The Silence That Bred a Crime

BEVERLY HILLS, Calif. The day after the guilty verdict came down in the Michael Skakel case, my sister and I, like so many others, couldn't help talking about it. The fact that Michael Skakel was married until recently to our first cousin and is the father of their child (a boy not yet 5) made the discussion a necessity. During the last few years we have had a nodding, passing acquaintance with all things Skakel, a "look-there's-another-tabloid-isn't-it-sad-let's-not-get-any-closer" kind of thing. But now that Michael Skakel is

awaiting sentencing, we can't pretend anymore that he has nothing to do with us.

There but for the grace of God went I and many others in my circle who were 14-, 15- and 16-year-olds then. Our environment as we grew up was no different from Michael Skakel's. We were "rich kids": private schools, country clubs, maids in the kitchens, station wagons in the circular gravel driveways, parents three sheets to the wind after the second martini before dinner on top of the two with lunch in the city or at the club. No one home, even when the house was full.

When I look back at how many times I woke up at age 15 on a friend's lawn, vomit all over my pink and lime-green Pappagallo shoes, grass stains soiling my Lilly shift dress, the steel wool in my head obliterating any memory of what had gone on the night before, I shudder and double my prayers of gratitude that I am a functioning and productive adult today. There were a lot of us out there. No one sitting in the chintz-covered chairs saw the pain, confusion and loneliness because all of them were so busy feeding their own demons.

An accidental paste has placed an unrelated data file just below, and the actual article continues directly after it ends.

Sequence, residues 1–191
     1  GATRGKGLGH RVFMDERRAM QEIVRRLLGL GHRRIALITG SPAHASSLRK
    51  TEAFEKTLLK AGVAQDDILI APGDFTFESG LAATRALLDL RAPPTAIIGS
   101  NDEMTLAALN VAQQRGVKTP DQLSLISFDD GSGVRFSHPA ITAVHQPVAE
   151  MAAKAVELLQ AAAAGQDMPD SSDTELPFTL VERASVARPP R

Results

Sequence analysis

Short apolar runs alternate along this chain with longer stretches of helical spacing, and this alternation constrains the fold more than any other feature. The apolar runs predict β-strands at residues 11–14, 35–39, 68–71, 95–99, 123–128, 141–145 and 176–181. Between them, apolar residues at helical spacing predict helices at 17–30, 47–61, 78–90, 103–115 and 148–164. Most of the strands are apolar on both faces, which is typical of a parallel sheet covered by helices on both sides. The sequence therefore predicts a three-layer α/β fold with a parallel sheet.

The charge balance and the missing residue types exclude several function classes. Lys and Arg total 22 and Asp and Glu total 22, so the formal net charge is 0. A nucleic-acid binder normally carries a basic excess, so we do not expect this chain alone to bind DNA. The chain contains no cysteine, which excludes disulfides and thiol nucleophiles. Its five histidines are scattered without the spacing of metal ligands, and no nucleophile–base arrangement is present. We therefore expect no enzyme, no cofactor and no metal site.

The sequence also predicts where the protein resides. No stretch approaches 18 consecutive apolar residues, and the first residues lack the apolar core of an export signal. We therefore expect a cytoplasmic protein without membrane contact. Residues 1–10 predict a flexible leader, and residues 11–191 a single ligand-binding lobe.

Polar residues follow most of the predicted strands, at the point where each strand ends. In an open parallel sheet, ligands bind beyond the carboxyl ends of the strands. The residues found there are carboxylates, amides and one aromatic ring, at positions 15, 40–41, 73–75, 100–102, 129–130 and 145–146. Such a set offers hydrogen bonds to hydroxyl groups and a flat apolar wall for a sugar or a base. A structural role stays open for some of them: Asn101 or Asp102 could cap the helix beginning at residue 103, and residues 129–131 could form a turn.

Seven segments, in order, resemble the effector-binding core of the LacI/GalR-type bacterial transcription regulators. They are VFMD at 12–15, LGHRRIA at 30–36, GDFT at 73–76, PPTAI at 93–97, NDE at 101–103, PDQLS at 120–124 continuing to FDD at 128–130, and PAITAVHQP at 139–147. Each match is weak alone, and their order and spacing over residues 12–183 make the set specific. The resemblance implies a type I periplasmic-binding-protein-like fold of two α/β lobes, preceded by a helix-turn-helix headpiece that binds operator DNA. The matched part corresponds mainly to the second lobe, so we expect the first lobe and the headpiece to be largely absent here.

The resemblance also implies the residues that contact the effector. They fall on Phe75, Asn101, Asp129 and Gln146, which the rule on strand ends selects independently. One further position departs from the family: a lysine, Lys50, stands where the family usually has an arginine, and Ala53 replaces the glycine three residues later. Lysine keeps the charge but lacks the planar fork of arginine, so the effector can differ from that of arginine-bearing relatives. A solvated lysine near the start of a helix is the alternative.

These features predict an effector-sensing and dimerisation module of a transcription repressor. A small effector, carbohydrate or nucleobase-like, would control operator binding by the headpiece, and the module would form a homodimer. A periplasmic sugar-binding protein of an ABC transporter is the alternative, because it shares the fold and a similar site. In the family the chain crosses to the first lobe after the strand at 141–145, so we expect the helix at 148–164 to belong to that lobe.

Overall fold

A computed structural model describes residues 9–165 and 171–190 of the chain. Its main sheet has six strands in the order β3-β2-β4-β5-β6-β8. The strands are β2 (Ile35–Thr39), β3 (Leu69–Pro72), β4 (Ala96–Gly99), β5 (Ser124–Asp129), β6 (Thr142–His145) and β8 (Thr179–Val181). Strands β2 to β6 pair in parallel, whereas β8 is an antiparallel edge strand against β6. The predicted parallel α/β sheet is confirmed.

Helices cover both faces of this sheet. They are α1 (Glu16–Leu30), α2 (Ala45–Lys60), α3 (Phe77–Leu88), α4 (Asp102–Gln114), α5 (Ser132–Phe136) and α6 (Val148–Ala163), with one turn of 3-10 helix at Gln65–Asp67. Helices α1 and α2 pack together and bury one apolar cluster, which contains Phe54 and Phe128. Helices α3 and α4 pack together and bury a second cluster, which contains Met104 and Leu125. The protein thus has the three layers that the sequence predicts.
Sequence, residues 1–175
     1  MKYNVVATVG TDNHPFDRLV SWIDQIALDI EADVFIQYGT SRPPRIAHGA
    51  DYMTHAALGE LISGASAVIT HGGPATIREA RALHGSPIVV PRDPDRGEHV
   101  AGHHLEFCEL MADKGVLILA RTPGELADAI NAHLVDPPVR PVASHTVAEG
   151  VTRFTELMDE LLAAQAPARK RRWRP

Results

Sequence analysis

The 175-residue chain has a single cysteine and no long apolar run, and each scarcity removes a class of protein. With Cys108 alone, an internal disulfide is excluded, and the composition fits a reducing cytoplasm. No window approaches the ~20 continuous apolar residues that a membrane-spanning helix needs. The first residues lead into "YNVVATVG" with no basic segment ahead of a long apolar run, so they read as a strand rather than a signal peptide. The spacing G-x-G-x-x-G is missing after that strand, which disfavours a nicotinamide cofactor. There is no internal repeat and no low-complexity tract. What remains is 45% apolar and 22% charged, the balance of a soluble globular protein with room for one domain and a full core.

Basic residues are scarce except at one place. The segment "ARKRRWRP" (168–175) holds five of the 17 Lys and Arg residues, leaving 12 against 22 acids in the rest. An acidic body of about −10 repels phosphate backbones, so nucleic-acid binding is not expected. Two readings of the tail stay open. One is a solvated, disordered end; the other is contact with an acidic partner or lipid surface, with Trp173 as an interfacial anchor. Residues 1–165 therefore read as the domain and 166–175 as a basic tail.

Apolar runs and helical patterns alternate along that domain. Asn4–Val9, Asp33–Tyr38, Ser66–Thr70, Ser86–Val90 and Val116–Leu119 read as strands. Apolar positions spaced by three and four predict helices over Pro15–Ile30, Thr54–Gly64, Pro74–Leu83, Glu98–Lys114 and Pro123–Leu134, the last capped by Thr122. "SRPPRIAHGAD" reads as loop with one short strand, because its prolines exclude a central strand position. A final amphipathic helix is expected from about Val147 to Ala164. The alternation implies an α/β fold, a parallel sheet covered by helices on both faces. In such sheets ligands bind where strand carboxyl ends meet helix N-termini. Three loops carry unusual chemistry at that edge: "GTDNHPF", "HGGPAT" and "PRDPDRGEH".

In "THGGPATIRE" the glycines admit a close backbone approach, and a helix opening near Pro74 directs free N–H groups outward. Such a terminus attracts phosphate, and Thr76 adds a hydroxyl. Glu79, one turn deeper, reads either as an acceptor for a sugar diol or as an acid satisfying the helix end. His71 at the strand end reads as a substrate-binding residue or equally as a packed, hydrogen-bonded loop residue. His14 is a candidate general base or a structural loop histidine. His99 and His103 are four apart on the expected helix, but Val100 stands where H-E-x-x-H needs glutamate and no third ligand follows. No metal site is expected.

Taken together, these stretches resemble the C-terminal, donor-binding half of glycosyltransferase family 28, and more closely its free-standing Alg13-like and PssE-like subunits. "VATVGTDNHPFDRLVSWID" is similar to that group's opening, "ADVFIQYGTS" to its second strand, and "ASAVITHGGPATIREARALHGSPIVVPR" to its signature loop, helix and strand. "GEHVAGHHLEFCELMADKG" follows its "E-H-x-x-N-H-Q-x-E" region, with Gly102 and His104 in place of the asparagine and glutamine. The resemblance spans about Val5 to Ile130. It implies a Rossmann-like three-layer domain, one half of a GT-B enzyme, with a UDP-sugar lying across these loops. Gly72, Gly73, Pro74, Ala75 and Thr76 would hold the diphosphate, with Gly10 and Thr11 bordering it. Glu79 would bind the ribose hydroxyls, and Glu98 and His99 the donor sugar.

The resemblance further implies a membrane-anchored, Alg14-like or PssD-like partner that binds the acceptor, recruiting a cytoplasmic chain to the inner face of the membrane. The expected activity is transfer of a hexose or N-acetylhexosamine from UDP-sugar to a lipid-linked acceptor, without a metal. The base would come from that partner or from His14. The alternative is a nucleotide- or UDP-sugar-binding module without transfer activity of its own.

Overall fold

How would things have been different if someone had paid enough attention to Michael Skakel to get him the proper help? What was a boy with that kind of violence in him doing running around like a normal kid on the block? And what would have happened if - presuming Michael did kill Martha Moxley - his father and, God forgive me, one of my uncles, who was the family lawyer and adviser at the time, had been told the truth about what happened and had gone to the authorities? Perhaps that 15-year-old wild child, not a man, mind you, just a boy, would have gotten the help and support that would have given him a shot at salvation. But this was not to be. So the boy stuffed his truth, feeding it drugs and alcohol, plastering it up with attempts at normalcy and maybe even love, hoping that it would go away or at least stay locked away forever.

It is a tragedy that Martha Moxley's life was brutally cut short, but to me, Michael Skakel's life is also tragic. The "for your own good" lies, the mixed messages (buy and lie your way out, take Communion on Sunday), all in the name of love and with the full intent of taking care of one's family, could have a poisonous effect, and in this case had a lethal one. Michael Skakel can never be put in the same category of victim as Martha Moxley or anyone in the Moxley family, but his life still qualifies as a horrible waste.

Annie O'Neill Stein is on the steering committee of the Violence Prevention Campaign

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